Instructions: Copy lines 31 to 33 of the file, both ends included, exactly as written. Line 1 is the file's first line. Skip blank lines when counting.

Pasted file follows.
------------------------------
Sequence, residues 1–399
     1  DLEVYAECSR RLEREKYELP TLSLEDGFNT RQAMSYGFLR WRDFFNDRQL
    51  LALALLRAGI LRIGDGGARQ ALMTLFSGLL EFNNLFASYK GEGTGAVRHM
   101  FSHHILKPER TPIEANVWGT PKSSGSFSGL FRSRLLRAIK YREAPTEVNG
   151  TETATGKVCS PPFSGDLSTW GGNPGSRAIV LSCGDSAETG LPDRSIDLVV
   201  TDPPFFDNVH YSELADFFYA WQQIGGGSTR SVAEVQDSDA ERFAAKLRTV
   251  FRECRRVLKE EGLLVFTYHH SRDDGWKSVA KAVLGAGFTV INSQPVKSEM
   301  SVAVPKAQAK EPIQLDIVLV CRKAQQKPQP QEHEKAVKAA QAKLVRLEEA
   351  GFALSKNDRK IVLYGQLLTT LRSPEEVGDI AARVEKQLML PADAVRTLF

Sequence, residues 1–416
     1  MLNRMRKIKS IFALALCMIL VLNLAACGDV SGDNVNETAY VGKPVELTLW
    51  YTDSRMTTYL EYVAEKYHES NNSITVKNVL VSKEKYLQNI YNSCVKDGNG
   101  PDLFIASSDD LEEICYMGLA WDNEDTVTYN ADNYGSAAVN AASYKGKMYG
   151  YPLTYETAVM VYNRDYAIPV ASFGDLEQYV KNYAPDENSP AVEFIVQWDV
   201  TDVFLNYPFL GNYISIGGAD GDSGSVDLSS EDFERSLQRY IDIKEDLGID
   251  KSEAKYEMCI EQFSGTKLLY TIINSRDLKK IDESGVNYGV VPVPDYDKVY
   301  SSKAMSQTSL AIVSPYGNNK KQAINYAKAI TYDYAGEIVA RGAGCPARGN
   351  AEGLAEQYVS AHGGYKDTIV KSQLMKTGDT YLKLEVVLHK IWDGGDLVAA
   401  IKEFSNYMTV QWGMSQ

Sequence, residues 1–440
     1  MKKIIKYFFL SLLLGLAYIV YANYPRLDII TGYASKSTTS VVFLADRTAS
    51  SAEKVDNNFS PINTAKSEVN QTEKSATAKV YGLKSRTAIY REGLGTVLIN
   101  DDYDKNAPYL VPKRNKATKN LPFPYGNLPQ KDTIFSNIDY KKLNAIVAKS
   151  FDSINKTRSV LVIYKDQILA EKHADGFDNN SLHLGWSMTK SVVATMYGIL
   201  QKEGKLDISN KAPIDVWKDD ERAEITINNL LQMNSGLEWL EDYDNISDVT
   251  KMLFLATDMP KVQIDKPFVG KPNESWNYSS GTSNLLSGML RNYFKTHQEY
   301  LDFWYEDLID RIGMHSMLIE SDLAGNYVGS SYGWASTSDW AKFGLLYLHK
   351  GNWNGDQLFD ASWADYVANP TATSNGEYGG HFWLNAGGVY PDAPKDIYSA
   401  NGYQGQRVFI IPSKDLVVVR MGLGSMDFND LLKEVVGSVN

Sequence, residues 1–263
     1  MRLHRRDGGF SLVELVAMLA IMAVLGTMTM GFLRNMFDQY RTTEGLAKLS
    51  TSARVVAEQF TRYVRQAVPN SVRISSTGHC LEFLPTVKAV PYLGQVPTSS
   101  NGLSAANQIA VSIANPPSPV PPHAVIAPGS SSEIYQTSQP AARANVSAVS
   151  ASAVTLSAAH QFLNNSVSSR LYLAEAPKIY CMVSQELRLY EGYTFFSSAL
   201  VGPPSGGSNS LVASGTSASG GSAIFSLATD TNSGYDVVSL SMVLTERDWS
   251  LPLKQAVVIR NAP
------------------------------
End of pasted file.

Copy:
     1  MRLHRRDGGF SLVELVAMLA IMAVLGTMTM GFLRNMFDQY RTTEGLAKLS
    51  TSARVVAEQF TRYVRQAVPN SVRISSTGHC LEFLPTVKAV PYLGQVPTSS
   101  NGLSAANQIA VSIANPPSPV PPHAVIAPGS SSEIYQTSQP AARANVSAVS